The Origins of Krypton

The Origins of Krypton

Krypton isn’t just Superman’s home planet, it’s also one of the rarest gases in Earth’s atmosphere. Today marks the 119th birthday of krypton’s discovery by Sir William Ramsay and Morris Travers, so we thought we’d take a closer look at this elusive element.

What is Krypton (Kr)?

Before its destruction, Krypton was a planet that orbited a red star, boasted advanced technology and had huge crystalline structures across its lands – well, not exactly.

The inspiration and namesake for Superman’s home planet, krypton (Kr) is an inert and extremely rare gas that is found in the air. While it won’t make you powerful and isn’t used to form emerald green chunks of kryptonite, this element does have a very unique set of properties.

A Noble Gas

Krypton (Kr) is a member of the noble gases, a group of elements that are recognised for their extremely low chemical reactivity. These elements all belong to Group 18 of the periodic table. There are 6 noble gases that occur naturally:

  • Argon (Ar)
  • Helium (He)
  • Krypton (Kr)
  • Neon (Ne)
  • Radon (Rn)
  • Xenon (Xe)

Properties of Krypton

Unlike argon, which forms a considerable portion of the Earth’s atmosphere, krypton is very rare. Composing only 1 part per million of the atmosphere by volume, its name is directly related to its infrequent appearance: krypton is derived from the Greek word kryptos, meaning ‘the hidden one.’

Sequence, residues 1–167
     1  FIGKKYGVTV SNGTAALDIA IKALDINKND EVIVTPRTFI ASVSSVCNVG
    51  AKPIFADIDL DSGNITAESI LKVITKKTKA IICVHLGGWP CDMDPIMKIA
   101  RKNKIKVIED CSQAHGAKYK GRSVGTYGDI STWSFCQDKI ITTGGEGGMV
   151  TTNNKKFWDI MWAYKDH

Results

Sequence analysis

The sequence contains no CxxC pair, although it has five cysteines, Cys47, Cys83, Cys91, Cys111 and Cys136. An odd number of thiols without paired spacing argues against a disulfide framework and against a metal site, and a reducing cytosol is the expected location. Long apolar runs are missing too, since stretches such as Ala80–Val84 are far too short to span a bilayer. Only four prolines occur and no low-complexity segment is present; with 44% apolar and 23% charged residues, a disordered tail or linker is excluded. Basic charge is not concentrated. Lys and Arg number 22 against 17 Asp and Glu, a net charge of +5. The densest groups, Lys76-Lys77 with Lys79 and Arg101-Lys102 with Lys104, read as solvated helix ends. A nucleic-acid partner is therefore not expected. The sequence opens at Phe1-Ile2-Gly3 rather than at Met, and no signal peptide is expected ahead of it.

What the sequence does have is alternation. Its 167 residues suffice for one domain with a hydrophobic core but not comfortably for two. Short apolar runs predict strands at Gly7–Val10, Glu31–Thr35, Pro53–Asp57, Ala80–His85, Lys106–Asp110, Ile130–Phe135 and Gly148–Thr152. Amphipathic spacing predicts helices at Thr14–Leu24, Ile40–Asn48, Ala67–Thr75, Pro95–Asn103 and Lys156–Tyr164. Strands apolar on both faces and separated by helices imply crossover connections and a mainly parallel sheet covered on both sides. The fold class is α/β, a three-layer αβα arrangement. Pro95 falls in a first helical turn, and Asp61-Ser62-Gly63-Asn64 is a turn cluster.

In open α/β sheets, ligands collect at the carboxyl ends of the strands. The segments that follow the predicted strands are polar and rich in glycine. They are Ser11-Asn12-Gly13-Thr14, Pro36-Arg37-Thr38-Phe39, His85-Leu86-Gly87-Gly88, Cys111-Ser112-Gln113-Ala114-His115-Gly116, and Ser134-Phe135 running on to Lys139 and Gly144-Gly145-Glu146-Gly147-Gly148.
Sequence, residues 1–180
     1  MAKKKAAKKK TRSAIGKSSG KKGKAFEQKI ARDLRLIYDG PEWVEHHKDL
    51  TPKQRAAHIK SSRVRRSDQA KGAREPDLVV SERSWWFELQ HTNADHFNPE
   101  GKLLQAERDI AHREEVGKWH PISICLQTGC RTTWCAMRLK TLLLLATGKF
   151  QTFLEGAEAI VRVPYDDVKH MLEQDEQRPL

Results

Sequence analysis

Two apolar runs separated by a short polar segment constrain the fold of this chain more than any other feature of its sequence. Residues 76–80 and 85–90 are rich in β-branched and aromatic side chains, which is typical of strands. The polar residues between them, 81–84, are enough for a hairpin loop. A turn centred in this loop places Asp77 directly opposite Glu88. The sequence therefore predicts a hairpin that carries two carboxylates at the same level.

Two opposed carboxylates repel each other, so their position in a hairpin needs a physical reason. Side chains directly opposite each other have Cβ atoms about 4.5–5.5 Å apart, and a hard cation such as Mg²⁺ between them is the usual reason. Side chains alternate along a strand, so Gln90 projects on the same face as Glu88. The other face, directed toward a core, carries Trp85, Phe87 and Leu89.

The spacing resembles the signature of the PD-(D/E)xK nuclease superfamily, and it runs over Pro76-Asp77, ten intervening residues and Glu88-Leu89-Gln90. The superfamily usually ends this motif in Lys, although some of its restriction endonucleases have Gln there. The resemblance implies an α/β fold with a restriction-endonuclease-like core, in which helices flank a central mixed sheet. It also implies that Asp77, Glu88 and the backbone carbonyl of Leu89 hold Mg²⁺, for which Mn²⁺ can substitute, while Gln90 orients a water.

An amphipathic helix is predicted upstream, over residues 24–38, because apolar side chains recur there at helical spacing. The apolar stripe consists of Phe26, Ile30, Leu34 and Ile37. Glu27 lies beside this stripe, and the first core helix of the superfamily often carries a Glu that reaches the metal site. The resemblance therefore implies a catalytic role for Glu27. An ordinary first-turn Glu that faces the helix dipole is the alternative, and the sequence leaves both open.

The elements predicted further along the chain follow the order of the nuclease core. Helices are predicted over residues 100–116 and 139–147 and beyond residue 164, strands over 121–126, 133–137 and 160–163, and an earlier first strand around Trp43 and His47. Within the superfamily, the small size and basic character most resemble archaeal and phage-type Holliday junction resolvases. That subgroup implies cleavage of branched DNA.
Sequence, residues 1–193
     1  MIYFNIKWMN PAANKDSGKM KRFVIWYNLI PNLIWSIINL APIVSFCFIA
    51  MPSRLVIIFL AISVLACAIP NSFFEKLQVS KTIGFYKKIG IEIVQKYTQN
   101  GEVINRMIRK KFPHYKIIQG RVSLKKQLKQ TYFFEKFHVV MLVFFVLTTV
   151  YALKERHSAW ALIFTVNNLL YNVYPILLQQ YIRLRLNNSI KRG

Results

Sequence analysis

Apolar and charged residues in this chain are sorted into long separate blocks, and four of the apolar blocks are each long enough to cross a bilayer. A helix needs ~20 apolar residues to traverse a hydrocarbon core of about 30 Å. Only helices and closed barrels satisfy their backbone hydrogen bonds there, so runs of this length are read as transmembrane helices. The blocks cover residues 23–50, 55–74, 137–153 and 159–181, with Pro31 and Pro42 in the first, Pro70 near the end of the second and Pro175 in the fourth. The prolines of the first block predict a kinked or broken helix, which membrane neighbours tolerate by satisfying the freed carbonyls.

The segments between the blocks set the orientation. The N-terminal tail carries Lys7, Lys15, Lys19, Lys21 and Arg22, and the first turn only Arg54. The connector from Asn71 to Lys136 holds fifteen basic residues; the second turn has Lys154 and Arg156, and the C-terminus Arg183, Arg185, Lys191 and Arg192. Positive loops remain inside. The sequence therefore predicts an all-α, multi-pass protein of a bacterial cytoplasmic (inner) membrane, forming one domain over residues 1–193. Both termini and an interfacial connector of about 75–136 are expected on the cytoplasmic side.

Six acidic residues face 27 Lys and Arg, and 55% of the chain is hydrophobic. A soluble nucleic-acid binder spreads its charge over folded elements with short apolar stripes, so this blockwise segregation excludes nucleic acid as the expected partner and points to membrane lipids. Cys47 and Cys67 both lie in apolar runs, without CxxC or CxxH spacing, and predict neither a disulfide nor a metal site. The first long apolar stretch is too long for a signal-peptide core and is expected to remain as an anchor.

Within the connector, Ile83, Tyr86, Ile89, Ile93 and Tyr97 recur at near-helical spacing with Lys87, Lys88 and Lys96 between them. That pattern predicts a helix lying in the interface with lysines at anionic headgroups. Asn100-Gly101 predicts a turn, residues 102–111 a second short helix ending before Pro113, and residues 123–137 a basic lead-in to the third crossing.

The noble gases all share similar properties, and krypton is no exception. As a fellow noble gas, krypton is:

  • Monatomic
  • Odourless
  • Colourless
  • Tasteless
  • Mostly inert

Krypton is also three times heavier than air, which makes it heavier than other noble gases in the group. It is also slightly more reactive than some of the lighter gases and can form some chemical compounds.

A sideways picture of the periodic table

Krypton is one of the seven noble gases, which belong to Group 18 of the periodic table. These elements all have very similar properties, like being odourless, colourless and chemically inert.

Why Are Noble Gases Unreactive?

Historically known as the inert gases, Group 18 elements are especially noted for their unreactive nature. Although some of the gases have now been found to be slightly reactive under extreme conditions, they are still almost entirely chemically inert.

Noble gases are unreactive because they have a full outer shell of electrons. When elements have an unstable or incomplete outer shell, they will react with other substances to either gain or lose electrons. By having a stable arrangement, noble gases don’t need to react and, therefore, become chemically inert.

This is an extremely useful property to many industries that do not want a chemical reaction to take place. In deep-sea diving, for example, helium is used in breathing gas in order to prevent a reaction between oxygen, nitrogen and carbon dioxide which would be toxic.

Reactivity of Krypton